New evidence has emerged today that women pay much more than men of the same age for individual insurance policies providing identical coverage. A reporter at The New York Times looked at premiums charged by major providers such as Humana, UnitedHealth and Aetna and found discrepancies of up to 49 percent in the amounts asked of men and women.
Humana, for example, offers a plan called Portrait with a $2,500 deductible, for which a 30-year-old woman in Denver or Chicago would pay 31 percent more than a 30-year-old man.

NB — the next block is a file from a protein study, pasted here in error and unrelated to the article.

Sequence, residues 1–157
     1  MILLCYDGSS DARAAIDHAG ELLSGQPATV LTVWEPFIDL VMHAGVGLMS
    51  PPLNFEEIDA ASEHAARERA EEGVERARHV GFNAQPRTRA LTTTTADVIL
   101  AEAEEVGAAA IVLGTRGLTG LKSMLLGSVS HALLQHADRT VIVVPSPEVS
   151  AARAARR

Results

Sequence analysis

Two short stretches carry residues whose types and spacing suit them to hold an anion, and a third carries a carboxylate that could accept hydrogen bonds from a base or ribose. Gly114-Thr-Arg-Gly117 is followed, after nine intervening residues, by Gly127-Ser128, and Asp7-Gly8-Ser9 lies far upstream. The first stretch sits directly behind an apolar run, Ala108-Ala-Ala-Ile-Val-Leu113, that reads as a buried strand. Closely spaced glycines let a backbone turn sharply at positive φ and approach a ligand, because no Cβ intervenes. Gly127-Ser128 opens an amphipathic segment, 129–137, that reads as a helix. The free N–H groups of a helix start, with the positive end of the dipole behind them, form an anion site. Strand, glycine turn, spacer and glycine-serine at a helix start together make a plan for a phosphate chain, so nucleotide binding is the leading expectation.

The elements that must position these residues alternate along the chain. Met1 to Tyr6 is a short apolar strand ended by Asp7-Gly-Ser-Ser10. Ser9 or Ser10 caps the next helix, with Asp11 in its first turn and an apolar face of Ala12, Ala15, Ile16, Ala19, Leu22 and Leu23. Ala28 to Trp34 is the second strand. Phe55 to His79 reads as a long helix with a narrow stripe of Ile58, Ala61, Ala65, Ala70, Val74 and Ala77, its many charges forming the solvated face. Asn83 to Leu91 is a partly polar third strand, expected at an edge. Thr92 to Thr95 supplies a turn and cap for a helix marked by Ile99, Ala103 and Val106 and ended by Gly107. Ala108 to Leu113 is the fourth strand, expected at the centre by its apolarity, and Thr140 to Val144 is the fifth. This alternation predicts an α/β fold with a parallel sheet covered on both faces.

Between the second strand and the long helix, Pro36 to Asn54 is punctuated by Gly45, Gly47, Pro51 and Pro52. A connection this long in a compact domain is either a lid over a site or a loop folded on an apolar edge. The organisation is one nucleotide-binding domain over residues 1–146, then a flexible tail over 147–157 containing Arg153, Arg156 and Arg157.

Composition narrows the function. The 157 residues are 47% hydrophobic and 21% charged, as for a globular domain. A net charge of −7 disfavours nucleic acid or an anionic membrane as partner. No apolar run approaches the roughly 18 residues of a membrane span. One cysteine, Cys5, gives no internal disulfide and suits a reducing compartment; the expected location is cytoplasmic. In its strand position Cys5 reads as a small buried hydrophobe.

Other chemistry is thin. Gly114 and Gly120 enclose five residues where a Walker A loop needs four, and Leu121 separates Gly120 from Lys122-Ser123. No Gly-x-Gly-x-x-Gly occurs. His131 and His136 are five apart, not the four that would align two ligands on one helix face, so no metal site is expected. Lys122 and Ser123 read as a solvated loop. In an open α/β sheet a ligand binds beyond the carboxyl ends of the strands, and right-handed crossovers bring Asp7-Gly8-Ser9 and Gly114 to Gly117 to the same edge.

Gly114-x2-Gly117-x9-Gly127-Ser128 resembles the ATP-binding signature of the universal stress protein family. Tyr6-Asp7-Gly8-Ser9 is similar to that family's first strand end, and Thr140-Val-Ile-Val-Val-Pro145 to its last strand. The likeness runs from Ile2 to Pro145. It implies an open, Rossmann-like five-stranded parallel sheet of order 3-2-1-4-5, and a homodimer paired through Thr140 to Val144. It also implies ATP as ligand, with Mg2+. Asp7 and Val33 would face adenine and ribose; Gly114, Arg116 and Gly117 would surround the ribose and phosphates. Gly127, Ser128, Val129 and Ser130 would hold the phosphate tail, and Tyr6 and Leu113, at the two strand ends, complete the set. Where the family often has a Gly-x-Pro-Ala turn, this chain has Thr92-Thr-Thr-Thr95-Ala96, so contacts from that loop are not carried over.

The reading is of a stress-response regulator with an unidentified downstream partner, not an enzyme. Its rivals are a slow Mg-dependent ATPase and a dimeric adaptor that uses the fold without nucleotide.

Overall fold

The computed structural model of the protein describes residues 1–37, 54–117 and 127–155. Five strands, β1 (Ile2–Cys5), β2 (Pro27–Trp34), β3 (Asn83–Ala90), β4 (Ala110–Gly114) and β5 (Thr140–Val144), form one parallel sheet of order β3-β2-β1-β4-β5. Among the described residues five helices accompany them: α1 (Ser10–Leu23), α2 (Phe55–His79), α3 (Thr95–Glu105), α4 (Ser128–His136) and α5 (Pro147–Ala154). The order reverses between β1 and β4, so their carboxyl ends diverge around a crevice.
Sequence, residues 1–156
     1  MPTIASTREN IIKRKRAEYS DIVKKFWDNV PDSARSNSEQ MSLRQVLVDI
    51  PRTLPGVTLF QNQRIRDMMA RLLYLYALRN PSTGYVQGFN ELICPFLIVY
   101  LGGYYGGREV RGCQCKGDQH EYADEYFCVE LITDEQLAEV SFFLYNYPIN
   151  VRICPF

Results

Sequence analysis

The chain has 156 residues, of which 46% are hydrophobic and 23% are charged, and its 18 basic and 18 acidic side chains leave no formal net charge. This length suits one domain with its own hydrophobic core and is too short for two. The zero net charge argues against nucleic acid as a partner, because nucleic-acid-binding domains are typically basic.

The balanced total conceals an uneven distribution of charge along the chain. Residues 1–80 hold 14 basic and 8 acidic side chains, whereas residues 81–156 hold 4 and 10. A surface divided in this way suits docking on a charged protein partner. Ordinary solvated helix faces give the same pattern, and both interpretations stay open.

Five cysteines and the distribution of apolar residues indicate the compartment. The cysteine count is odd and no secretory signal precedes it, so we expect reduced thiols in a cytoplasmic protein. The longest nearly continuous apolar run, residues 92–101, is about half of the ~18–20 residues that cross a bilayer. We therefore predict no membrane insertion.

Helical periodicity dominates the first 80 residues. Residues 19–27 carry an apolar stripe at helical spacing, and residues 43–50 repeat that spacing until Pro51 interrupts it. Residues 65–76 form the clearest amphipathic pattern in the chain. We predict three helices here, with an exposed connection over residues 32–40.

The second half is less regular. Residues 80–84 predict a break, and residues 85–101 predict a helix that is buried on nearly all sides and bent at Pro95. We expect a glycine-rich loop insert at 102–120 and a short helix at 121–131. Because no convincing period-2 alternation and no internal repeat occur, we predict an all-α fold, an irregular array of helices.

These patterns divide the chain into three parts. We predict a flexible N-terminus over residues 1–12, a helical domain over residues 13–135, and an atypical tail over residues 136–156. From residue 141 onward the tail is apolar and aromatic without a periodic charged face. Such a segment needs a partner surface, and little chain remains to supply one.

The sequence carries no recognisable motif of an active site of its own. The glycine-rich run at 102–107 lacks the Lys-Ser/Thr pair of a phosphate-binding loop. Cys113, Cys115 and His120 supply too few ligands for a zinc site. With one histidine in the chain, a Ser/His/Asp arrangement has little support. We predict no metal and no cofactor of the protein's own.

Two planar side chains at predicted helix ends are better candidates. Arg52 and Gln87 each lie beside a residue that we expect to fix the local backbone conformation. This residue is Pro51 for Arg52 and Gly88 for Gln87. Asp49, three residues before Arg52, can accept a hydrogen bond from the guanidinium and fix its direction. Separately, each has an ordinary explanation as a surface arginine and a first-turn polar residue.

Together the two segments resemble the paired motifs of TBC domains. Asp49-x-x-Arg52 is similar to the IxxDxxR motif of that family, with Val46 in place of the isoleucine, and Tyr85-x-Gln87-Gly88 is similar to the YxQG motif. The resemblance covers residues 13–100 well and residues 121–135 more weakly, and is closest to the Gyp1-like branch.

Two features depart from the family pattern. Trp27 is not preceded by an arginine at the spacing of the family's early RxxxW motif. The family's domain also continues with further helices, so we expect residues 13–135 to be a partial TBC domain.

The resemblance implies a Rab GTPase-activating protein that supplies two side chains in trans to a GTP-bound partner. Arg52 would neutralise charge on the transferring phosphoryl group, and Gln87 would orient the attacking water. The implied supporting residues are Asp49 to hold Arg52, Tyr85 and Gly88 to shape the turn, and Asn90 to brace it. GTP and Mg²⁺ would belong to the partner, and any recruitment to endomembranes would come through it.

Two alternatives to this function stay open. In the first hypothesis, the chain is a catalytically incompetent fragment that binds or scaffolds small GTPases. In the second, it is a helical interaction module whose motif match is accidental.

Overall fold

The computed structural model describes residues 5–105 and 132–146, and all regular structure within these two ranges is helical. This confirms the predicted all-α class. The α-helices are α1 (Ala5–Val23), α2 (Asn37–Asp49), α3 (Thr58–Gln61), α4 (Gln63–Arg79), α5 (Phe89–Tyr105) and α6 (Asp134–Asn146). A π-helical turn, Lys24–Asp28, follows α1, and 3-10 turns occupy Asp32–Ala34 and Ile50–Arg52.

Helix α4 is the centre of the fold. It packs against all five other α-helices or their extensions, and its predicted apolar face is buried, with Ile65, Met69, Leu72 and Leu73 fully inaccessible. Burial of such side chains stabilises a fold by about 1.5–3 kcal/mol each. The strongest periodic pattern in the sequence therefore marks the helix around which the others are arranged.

Although this is not a new trend, it has been accentuated by the worsening economic climate. Former employees who have lost company health insurance along with their jobs are seeking out individual plans. Whereas sex discrimination is prohibited for job-based insurance policies, individual insurers are in most states free to increase women’s premiums to cover the perceived cost of maternity. Even in insurance policies that do not cover maternity costs, some insurers claim that higher premiums for women are justified by evidence that women use healthcare services more than men.
Marcia D. Greenberger, co-president of the National Women’s Law Center, told the Times that, “We should not tolerate women having to pay more for health insurance, just as we do not tolerate the practice of using race as a factor in setting rates.”